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his happiness imbittered by the thought that he must leave it all! We build houses and adorn them, but as we walk out to gaze upon them, we feel that we must leave them!

"Must I thus leave thee, Paradise? thus leave
Thee, native soil, these happy walks and shades?
O unexpected stroke, worse than of death!"

Not all we have can purchase one moment's delay! But death comes nearer yet, and separates the soul from the body. He takes away the body to his dark den. It is his for a time to keep.

But heaven's possessions are sure. Death cannot strip us of our riches, our harp, our crown, our robe! Once ours, they are ours for ever! Our bodies, too, renovated and immortal, are ours for ever!

III. It destroys our earthly pleasures.

The very thought of death brings sadness over the countenance of the lover of pleasure. Hence it is always banished. How sad to think of pleasure's short duration ! What melancholy recklessness in the words, "Let us eat and drink; for to-morrow we die!" But let death come near, with disease and pain, its instruments of destruction, and how soon does pleasure die! Eye, ear, and taste, turn and sicken at the thought! "All is vanity and vexaaway tion of spirit."

But heaven's pleasures are eternal. Disease cannot unfit us for them-time cannot impair them-death cannot destroy them. Who would not enjoy immortal youth, eternal summer, perennial joys?

The exercise of the social affections is one of our greatest sources of pleasure. Hence we form circles of acquaintance, and are happy for a time, till death enters the ring, and it is broken. Where are many of our friends? In the grave! We doat on parents, children,

brothers, sisters; but death claims them. Where is your father, your mother, your child? In the grave! We marry with the certainty that death will soon part us, and too soon does his hour come! How much pleasure doth he destroy-how much misery produce! Here "death reigns," and how many sighs and tears daily attest the universality and cruelty of his reign!

But in heaven there is no death and no separation. There friends meet, to part not again. There the families They of the faithful unite, to be torn asunder no more. are ever with the Lord." Ask the forlorn, but Christian mourner, if the absence of death does not make heaven desirable?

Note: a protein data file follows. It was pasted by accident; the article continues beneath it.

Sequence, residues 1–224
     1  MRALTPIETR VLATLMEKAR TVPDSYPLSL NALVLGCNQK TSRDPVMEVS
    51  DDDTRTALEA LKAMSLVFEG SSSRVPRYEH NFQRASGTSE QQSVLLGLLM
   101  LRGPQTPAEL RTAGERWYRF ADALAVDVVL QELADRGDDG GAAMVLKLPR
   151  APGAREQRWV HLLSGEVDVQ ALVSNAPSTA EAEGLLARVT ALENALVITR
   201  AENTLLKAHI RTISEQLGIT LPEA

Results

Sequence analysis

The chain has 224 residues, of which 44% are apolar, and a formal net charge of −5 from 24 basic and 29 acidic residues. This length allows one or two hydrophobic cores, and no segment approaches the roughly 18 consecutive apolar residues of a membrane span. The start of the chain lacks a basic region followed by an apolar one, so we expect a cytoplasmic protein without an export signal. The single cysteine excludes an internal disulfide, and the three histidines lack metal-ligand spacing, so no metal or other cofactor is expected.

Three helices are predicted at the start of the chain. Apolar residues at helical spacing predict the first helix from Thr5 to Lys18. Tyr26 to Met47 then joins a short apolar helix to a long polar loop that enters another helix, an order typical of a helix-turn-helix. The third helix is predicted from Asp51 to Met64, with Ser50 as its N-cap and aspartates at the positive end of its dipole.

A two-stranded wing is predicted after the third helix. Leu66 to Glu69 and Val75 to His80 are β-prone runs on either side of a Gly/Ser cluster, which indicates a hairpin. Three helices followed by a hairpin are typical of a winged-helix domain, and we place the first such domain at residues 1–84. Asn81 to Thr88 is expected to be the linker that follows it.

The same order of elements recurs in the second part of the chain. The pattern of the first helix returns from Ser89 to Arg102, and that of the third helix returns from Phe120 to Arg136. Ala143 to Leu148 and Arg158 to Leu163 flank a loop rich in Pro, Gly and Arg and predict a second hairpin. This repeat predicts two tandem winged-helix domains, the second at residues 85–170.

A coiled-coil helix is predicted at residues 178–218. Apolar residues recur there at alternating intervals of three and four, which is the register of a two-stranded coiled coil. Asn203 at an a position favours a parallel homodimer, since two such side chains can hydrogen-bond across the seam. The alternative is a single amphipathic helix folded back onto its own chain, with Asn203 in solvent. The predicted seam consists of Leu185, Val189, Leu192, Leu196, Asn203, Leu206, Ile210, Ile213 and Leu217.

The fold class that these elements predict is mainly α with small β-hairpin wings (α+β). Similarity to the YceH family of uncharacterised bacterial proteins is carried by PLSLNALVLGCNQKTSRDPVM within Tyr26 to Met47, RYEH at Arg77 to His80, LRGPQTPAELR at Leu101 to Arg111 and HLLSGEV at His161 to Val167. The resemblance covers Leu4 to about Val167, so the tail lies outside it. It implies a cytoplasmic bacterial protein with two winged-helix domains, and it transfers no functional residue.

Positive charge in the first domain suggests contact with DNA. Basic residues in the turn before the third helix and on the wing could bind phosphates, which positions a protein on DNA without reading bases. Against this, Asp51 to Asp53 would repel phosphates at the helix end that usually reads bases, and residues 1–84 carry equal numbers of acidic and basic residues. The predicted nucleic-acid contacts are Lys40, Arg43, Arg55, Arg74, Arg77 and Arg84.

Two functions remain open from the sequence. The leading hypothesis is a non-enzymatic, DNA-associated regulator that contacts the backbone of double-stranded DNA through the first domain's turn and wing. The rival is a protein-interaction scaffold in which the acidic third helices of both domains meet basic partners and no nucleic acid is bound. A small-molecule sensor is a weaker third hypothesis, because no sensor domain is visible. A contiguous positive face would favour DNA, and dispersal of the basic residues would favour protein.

IV. It removes us to an untried and unchanging state of existence.

What is after This renders it so dreadful to sinners. death? they ask-they fear. We like not untried scenes. That state is unchanging, and this renders hell so awful. But if we reach heaven, death can remove us no more, for we shall be at home. There will be no untried state to visit. We shall not be carried where there are changes from joy to sorrow, is there unchanged for ever.

How consoling these truths to the saint! Especially under the afflictions of life-when parting with friendswhen wrestling with death. Christians, ye know the way to heaven; O, press forward with alacrity and delight! Shall we not meet there, when life's scenes are over, to die no more ?

Unconverted friends, will you go with us? The way is rough, but straight;-thorny, but short. Who would a toilsome and a painful journey heed, to gain such a home?


WE SHALL BE LIKE HIM.-1 John iii, 2.

It is painful to the Christian to witness his own numerous imperfections. However great may be his attainments, he is still sensible of imperfections, and of the vast distance between him and Christ. He may say with Paul, "Not as though I had already attained, [the resurrection state,] either were already perfect: but I follow after, if that I may apprehend that for which also I am apprehended of Christ Jesus. Brethren, I count not myself to have apprehended: but this one thing I do, forgetting those things which are behind, and reaching forth unto those things which are before, I press toward the mark for the prize of the high calling of God in Christ Jesus." And with David, "I shall be satisfied, when I awake, with thy likeness." It is also painful to behold `the imperfections of our brethren; we believe them Christians, but O! how many defects remain in them! When, we ask, will they all be removed? We rejoice to reflect, that the day is coming when a mighty change shall be wrought in the sons of God! "We shall be like him." This more perfect resemblance is reserved for the second coming of Christ. For our comfort we are permitted to look forward to it.